A typical deployment is one regional cluster at a customer's network operation center (NOC), the central point of network operations for an organization. Each division of the organization includes a local address management server cluster responsible for managing a part of the network. The System Configuration Protocol (SCP) communicates the configuration changes between the servers.

The regional cluster can also manage a RIC server responsible for end point cable modem termination systems (CMTSs). (See the "Setting Up Routers and Router Interfaces" section.)

Deployment Scenarios

The Network Registrar regional cluster Web UI provides a single point to manage any number of local clusters hosting DNS, DHCP, or TFTP servers. The regional and local clusters also provide administrator management so that you can assign administrative roles to users logged on to the application.

This section describes two basic administrative scenarios and the hardware and software deployments for two different types of installations—a small to medium local area network (LAN), and a large-enterprise or service-provider network with three geographic locations.

Small to Medium Size LANs

In a small to medium LAN serving fewer than 50K DHCP clients, you can deploy Network Registrar without a regional cluster component. In this scenario, low-end Windows, Solaris, or Linux servers are acceptable. You can also use systems with EIDE disk, although Cisco recommends Ultra-SCSI disks for dynamic DNS update. Figure 1-2 shows a configuration that would be adequate for this network. Recommendations include:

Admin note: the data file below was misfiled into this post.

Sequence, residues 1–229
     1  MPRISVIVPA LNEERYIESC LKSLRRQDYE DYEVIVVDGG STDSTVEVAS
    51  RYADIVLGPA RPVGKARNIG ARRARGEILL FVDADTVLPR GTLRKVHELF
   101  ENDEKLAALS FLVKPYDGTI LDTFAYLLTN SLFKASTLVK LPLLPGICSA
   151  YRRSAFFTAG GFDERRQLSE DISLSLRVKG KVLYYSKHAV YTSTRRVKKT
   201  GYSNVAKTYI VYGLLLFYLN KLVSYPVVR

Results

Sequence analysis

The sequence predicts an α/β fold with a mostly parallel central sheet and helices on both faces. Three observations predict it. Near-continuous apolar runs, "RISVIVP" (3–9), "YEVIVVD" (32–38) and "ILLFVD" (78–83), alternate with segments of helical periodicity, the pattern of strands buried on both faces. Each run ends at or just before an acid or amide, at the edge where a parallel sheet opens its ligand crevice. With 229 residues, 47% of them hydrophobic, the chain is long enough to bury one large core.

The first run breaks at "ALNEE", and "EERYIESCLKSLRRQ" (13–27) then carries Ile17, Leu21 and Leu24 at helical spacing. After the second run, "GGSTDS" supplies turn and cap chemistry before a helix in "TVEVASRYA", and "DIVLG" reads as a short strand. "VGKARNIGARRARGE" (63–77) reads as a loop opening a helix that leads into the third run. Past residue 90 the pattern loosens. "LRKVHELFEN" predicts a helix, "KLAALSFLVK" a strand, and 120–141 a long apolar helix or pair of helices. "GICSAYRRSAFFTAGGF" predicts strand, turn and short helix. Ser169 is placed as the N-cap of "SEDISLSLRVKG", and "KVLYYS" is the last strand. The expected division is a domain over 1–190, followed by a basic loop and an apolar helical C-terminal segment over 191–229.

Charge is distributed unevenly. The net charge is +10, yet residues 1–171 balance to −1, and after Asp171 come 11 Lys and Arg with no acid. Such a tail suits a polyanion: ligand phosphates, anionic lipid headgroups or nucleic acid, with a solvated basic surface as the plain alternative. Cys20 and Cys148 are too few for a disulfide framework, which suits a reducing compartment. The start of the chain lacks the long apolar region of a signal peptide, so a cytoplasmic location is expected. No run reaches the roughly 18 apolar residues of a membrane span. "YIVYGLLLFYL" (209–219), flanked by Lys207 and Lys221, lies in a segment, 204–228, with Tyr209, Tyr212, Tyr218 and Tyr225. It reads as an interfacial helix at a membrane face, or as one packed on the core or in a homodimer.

Windows—Single-processor Pentium III plus, Windows 2000 SP1, 512 MB of RAM, 18 GB disk

Solaris—Sunfire v120, Solaris 8 or 9, 512 MB of RAM, 18 GB disk

Linux—Pentium III plus, Red Hat Linux 7.3 (kernel version 2.4) with Package Manager (RPM) 4.0.4, or Red Hat Linux Enterprise ES or WS 2.1 (kernel 2.4.9-e.24), 512 MB of RAM, 18 GB disk

Figure 1-2 Small to Medium LAN

Large Enterprise and Service Provider Networks

In a large enterprise or service provider network serving over 500K DHCP clients, use mid-range Sun, Windows, or Linux servers. Put DNS and DHCP servers on different systems. Figure 1-3 shows the hardware that would be adequate for this network. Recommendations include:

Windows—Dual-processor Pentium III plus, Windows 2000 SP1 Server, 2 GB of RAM, 36 GB disk (10,000 RPM)

Solaris—Dual-processor Sunfire v240, Solaris 8 or 9, 2 GB of RAM, 36 GB disk (10,000 RPM)

Linux—Dual-processor Pentium III plus, Red Hat Linux 7.3 (kernel version 2.4) with Package Manager (RPM) 4.0.4, or Red Hat Linux Enterprise ES or WS 2.1 (kernel 2.4.9-e.24), 2 GB of RAM, 36 GB disk

When supporting geographically dispersed clients, locate DHCP servers at remote locations to avoid disrupting local services if wide-area connections fail. Install the Network Registrar regional cluster to centrally manage the distributed clusters.

Figure 1-3 Large Enterprise or Service Provider Network

Configuration and Performance Guidelines